S.C. Statehouse Report
Jan. 4, 2004
VIEW: http://www.statehousereport.com/columns/04.0104.queensland.htm


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Sister state relationship pays dividends
By Andy Brack
SC Statehouse Report

JAN. 4, 2004 - - Try to think of a Southern state that has about 4 million people and has a patriotic, self-reliant people with a good work ethic who love economic development.

South Carolina? Well, yes and no. It's also the Palmetto State's sister state - - Queensland in Australia.

The state's leader, Premier Peter Beattie, recently sent a list of key points that highlighted the value of the growing business, educational and cultural relationship between South Carolina and Queensland. In mid-2003, he made his fifth visit here in about as many years.

"Governor Sanford and I renewed the commitment to the Sister State Agreement and especially decided to focus on business opportunities for companies in South Carolina and Queensland, and perhaps joint ventures into South East Asia," Beattie wrote.

Although Queensland literally is on the other side of the world, it makes good sense to be her partner. Why? Because the states are compatible and salivate at economic development opportunities.

"We're the same kind of folks," said former Parks, Recreation and Tourism Director John Durst, an honorary ambassador for Queensland. "When you get people of good will together, you can make good things happen - - and people of South Carolina and Queensland are people of good will."



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Among the similarities:

Trade. Both states have major ports that move a lot of cargo. They also are aggressive in pursuing trade opportunities.

Tourism. Both states have major tourism industries. People throughout Asia visit the Great Barrier Reef, the rain forest and other natural wonders. And much like we lure vacationers to the Grand Strand, Queensland's Gold Coast is a vacationer's Mecca. Currently, the states have a hospitality and tourism educational exchange between their state universities.

Technology. Queensland is making a name for itself as a world leader in biotechnology and life sciences research - - the same kind of research and entrepreneurial spirit that revolves around the Medical University of South Carolina. A biotech forum is planned between the states this year. Also with the University of South Carolina's budding research effort into nanotechnology (making very small technical products), some kind of partnership with Queensland's 40,000 information technology workers makes sense.

Agriculture and aquaculture. Both states continue to rely on agricultural, forestry and fisheries industries as major economic components. With major research stations for maritime and agriculture research located in Charleston, opportunities abound for Queensland.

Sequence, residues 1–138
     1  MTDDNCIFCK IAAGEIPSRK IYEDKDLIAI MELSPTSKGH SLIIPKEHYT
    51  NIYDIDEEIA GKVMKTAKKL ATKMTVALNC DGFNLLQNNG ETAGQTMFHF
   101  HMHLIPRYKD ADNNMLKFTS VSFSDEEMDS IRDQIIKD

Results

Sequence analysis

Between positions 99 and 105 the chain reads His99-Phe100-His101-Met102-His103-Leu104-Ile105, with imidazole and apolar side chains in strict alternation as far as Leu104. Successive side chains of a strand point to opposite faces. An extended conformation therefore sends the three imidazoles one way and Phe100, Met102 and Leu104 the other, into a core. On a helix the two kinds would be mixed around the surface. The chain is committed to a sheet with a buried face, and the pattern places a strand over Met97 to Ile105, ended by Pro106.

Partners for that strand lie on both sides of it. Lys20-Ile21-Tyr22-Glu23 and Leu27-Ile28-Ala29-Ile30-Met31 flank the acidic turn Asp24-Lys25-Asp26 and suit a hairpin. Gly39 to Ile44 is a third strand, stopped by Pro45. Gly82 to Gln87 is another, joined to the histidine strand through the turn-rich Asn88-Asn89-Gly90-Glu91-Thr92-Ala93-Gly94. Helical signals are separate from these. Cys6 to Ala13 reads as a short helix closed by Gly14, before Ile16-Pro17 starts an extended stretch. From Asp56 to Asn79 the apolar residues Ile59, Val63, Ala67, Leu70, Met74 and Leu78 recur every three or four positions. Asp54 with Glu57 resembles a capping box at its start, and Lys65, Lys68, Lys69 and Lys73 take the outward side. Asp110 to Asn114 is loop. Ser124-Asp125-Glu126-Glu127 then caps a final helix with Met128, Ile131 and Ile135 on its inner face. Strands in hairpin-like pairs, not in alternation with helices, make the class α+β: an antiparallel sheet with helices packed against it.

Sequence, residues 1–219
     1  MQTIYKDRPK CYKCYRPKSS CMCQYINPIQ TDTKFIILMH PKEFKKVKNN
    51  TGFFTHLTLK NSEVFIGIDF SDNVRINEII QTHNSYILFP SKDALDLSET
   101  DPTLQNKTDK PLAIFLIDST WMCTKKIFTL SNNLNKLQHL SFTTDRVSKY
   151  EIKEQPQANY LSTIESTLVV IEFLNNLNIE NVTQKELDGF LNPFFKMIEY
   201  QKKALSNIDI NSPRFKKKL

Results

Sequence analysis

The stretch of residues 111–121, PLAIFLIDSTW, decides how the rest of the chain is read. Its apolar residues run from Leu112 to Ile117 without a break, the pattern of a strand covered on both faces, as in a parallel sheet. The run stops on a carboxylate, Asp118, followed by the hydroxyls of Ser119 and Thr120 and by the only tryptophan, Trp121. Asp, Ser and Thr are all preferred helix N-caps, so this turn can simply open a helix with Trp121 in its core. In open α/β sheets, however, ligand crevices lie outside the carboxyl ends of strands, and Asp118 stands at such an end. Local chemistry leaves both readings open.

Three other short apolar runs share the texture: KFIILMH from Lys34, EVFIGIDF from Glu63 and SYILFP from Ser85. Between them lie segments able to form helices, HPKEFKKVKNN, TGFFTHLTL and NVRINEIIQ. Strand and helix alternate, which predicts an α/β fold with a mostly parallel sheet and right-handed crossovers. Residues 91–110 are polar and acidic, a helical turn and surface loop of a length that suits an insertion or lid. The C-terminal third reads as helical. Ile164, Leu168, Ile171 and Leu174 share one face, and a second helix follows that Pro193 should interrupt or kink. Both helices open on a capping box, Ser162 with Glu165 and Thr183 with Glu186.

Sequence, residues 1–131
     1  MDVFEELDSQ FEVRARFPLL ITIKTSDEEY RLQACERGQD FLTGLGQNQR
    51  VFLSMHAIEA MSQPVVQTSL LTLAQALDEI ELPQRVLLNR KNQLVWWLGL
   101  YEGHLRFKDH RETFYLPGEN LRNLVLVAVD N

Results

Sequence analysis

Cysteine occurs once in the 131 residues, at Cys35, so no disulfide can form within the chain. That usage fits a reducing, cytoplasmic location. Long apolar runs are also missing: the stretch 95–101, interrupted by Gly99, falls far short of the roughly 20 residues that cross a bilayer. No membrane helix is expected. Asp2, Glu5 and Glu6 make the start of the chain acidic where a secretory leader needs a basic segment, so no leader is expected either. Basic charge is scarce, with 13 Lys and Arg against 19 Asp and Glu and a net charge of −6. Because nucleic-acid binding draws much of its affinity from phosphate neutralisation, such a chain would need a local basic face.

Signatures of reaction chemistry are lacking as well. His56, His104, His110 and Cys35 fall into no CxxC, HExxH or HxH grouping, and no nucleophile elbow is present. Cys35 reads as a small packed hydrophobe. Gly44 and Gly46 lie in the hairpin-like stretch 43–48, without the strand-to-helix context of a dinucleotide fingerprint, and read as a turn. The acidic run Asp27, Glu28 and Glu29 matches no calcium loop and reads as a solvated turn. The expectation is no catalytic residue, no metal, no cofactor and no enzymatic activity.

Language. With the Asian market picking up a huge head of steam in the future, there's a natural fit brought on by culture and the similar languages in the two states. It's not hard to envision how Queensland could be a business and export platform for S.C. and U.S. businesses in the Asian market and how S.C. could be a U.S. base of operations for Queensland businesses that want access to the rich U.S. and European markets.

The relationship between the two states didn't just come about, said Rob Whiddon, chief of staff to Premier Beattie in Queensland. It started when Queensland came to South Carolina in 1996 to study how South Carolina became a launching pad for some of the foreign Olympic teams before they took part in the 1996 Atlanta Olympics. Queensland wanted to do the same - - and it did with South Carolina's help - - for the 2000 Sydney Olympics.

Since then, the states have become closer, with Australia providing koalas to Columbia's Riverbanks Zoo, one of the only places in the U.S. to view the species.

Business between the states is budding. For example, Ballandean Estate Wines of Queensland now uses South Carolina as its import base into the East coast. U.S. sales now account for 15 percent of the company's total sales. Later this year, several Queensland companies are expected to seek letters of introduction from Beattie's government to get help for business opportunities here.

Now the states can continue to spur new relationships and ideas to promote mutual business and other opportunities in China, Whiddon said.

"The future is just enormous," he said in a telephone interview. "China needs the sort of expertise that Australia and the U.S. can provide. There are great things we can do in the Asian region."

Bottom line: More jobs are in the offing for South Carolina and Queensland if we continue to nurture the sister state relationship.

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